About the Author: Lisa Louise Cooke is the producer and host of the Genealogy Gems Podcast, an online genealogy audio show and app. She is the author of the books The Genealogist’s Google Toolbox, Mobile Genealogy, How to Find Your Family History in Newspapers, and the Google Earth for Genealogy video series, and an international keynote speaker.

This article was originally posted on November 3, 2015 and updated on April 19, 2019.

How to Unsend Gmail email message

Unsend gmail email messag
Have you ever clicked the Send button on an email message only to seconds later have a wave of regret fall over you? At a moment like that it would be very helpful to know how to unsend Gmail email messages. At one time or another we have all left out vital information, or sometimes worse, said too much. Now you can change your mind and undo what you did!

On June 22, 2015 Google announced the Undo Send feature for Gmail on the Web. By default the Undo Send feature is turned off (that is unless you are already using the Labs version.) To flip the switch and start undoing your sends, simply:

1) Click the Settings gear in Gmail

2) Under the General tab, scroll down until you see Undo Send

3) Click to check the Enable Undo Send box

4) From the drop down menu select how much time you will have to decide to unsend an email message

how to unsend gmail email message

5) Scroll down the General Settings page and be sure to click the Save Changes button at the bottom of the screen to activate your unsend Gmail email selection.

Save unsend gmail email messageNow if you want to unsend Gmail email messages you will be able to do so for the short amount of time you specified (in my example I selected 30 seconds)

unsend email in Gmail

Unsend Gmail email and get it right – the second time!

Resources:
How to use Google for Genealogy
The Genealogist’s Google Toolbox, Second Edition features an entire chapter on using Gmail effectively.

A Tip for Harnessing New Technologies for Genealogy

Lisa BYU Keynote

Photo courtesy of The Ancestry Insider

New technologies don’t stay new. They keep evolving. Here’s a tip for harnessing new and emerging technologies to advance family history research and stay connected with living relatives. 

Last week, I was at the BYU Conference on Family History & Genealogy in Provo, Utah. What a friendly, welcoming group! (Be sure to check out the BYU Family History Library here.) All week, I taught sessions and gave a keynote address on various technologies that help our research. The week’s discussions reminded me how quickly technology moves–and how enthusiastically genealogists continue to embrace new opportunities given them by technology.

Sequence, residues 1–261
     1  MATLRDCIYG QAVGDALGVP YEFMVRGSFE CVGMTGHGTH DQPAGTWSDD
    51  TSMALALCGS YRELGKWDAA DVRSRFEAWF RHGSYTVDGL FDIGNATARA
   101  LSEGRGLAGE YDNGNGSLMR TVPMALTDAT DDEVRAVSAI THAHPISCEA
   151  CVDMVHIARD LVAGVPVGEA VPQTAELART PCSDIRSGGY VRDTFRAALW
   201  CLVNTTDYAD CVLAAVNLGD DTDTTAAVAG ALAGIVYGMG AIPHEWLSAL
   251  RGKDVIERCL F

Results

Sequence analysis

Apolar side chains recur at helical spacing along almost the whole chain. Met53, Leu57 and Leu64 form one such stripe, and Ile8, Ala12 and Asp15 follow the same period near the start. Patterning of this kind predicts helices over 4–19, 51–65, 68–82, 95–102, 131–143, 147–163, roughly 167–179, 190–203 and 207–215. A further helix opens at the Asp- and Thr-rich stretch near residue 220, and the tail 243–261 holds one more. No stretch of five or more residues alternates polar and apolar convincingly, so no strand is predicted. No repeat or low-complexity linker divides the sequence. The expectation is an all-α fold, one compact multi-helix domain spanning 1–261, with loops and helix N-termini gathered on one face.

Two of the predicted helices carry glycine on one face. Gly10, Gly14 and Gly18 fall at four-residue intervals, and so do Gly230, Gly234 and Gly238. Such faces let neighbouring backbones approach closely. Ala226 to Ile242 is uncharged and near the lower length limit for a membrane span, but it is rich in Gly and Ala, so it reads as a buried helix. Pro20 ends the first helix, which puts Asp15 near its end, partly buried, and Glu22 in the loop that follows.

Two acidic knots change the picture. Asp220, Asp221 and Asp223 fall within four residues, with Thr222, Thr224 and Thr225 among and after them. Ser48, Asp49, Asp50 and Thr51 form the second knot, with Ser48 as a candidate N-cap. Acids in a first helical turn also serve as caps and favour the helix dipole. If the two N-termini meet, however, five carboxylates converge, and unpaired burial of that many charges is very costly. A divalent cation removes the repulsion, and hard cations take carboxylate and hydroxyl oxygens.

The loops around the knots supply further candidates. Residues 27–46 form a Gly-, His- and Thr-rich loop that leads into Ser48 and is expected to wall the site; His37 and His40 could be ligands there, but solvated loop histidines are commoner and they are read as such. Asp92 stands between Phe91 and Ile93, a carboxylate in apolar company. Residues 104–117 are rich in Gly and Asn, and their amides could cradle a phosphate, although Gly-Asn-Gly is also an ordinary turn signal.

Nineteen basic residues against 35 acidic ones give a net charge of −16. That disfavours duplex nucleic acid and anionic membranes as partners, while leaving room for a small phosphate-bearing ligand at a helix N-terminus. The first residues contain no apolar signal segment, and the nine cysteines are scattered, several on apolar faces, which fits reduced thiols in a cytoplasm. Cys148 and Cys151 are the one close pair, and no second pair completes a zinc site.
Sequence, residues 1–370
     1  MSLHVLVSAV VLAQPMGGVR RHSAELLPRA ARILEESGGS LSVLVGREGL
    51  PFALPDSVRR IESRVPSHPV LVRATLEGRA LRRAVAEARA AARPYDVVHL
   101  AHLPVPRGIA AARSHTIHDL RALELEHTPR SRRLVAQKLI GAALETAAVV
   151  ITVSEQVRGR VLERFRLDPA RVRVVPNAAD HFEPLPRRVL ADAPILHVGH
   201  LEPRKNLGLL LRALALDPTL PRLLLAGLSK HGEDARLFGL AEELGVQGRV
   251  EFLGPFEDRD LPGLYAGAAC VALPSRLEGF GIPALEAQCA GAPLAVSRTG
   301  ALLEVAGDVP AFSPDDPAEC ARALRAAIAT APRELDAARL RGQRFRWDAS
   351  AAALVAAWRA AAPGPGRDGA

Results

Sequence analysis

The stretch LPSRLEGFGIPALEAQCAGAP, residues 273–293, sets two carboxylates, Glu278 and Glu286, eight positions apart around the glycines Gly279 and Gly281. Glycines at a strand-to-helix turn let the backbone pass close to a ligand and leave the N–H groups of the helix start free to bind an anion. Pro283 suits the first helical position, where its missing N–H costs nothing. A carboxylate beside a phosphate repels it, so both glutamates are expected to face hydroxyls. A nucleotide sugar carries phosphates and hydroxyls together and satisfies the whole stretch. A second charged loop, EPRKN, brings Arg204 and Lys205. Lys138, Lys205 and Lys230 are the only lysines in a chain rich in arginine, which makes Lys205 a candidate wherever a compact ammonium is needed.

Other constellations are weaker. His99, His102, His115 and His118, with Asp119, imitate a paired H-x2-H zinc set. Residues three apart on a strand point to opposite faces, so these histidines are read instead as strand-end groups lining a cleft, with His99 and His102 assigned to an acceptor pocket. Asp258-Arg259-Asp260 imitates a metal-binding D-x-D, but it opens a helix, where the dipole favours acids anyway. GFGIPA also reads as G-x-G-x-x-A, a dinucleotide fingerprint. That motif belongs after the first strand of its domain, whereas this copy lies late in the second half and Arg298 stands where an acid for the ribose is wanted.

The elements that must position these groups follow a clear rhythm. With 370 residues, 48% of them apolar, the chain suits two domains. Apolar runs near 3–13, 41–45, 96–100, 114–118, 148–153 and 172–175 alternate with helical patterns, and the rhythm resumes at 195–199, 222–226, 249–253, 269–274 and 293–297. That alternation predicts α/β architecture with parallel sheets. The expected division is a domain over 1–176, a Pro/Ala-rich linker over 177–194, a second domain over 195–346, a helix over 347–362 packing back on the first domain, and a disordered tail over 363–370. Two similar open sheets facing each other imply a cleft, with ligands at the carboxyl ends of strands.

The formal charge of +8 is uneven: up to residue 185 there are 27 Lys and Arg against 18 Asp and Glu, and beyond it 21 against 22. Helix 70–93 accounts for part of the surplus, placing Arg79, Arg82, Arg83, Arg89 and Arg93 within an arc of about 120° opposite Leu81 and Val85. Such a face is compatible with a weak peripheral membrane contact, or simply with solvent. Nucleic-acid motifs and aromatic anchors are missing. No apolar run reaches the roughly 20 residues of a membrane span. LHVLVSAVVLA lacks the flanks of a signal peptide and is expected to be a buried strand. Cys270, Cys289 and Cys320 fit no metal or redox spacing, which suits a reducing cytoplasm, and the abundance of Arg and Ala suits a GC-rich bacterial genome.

It’s part of my job to learn about these new technologies and pass the best ones–the “gems” along to you. But here’s a tip I shared during my keynote address that will help you focus on the technologies you care most about: Think about which tasks you want to accomplish with technology, rather than just learning genealogy-specific technology. Then keep up with developments in the technologies that accomplish those tasks.

For example, by now, many of us have used (or at least heard of) Google Translate. We can use it with foreign-language documents and to correspond with overseas relatives and archives. But Google Translate’s functionality keeps improving. “By the audible gasps of the audience” (during my keynote address) reported the FamilySearch blog, “most were not aware that the Google Translate app enables you to literally hold up your phone to the computer screen or typeset document, and it will translate foreign text on the fly for you—a must have free tool when dabbling in nonnative language content.”

Genealogists are really thinking about these issues. The Ancestry Insider blogged about my keynote talk, too, and my observation that genealogists haven’t been embracing digital video at the same speed at which they embrace other forms of digital media. In the comments section of that post Cathy added, “Now what we need to do is get FamilySearch to figure out a way to let us upload our URL YOUTube videos, not only for our deceased, but for our living….Our children and grandchildren don’t write letters, they email, text, instagram. They don’t write journals, they blog. They make videos of current history….We all need to look to the future and [learn] how to save the new technologies.” Cathy gets it!